I was on my way to church 7:30am one Sunday morning for setup. I had two other setup team members with me and we were going to pick up two more. I was also meant to bring my two sons with me. My eldest son told me he was going to go inside and find a toy that he wanted to bring with him.
I had already told him twice to get in the car without the toy and that if he went inside I would go to church without him. My wife would be catching public transport later, so it wasn’t a matter of him not coming to church, just a matter of him not coming with me. He made a choice to go inside and get the toy and I made a choice to start backing out of the drive way.
Predictably, when he came out about 20 seconds later he ran up to the departing car and pleaded to be let in. I calmly told him that I had given him three chances to obey but each time he had chosen to disobey. Putting his own desire before the needs of others is completely human and understandable. He wanted his father, the other two adults waiting in the car, the extra two we were going to pick up and his brother to wait for him while he did something he had been told 3 times not to. He made a choice and there were consequences to that choice.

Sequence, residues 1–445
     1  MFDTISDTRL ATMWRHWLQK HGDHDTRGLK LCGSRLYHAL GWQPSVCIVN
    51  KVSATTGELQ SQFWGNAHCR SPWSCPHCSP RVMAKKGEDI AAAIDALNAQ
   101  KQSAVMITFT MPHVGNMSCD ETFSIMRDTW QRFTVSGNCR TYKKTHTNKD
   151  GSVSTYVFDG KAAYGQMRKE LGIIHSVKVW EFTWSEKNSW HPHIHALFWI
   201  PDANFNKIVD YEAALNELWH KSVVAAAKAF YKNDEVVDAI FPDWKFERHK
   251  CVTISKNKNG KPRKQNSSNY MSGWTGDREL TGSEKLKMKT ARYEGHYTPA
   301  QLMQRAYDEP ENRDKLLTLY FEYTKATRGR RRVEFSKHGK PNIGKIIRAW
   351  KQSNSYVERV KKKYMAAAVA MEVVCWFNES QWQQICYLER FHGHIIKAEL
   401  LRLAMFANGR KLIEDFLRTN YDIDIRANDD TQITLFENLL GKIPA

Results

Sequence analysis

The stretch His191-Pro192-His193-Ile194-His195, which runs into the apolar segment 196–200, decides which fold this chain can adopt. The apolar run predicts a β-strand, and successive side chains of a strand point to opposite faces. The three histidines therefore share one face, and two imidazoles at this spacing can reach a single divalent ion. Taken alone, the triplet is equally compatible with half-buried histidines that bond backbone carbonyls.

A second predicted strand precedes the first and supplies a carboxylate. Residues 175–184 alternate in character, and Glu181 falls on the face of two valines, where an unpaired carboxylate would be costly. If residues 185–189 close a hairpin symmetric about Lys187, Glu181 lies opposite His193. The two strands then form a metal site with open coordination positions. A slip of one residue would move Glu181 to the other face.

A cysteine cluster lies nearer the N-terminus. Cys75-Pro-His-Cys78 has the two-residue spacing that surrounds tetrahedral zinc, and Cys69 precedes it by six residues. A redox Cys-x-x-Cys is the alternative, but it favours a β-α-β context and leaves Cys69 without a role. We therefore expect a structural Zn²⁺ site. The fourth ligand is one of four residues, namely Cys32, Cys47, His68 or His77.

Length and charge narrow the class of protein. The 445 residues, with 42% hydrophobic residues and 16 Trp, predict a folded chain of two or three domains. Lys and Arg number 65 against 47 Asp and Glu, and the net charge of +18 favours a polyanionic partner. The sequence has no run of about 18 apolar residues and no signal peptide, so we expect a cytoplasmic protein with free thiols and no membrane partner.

I also have a choice as a parent. My discipline of the kids can be petty or purposeful. I could make choices (and I have) to punish my children because they’ve inconvenienced me or made me look bad. It’s easy to use my size and voice to intimidate instead of using my strength as a source of stability in their lives. This is what gives disciplining children a bad name. Petty discipline is akin to being a bully.
What has helped me be purposeful rather than petty in my discipline is the vision I have for my children. I want them to put others before themselves and to serve and encourage. My children are actually pretty good at this. But when they lapse I explain my actions in terms of the kind of people I see them becoming and the values we have as a family.
As for the times I have acted petty, mostly because I’ve failed to serve and encourage my own children, I’ve humbled myself and apologised to them. I’ve asked for forgiveness for not leading them they way they deserve. All of us have choices to make, parent or child. All of us have consequences to face. But the choices a parent makes in the kind of discipline they engage in, petty or purposeful, have further reaching consequences than those of a selfish child.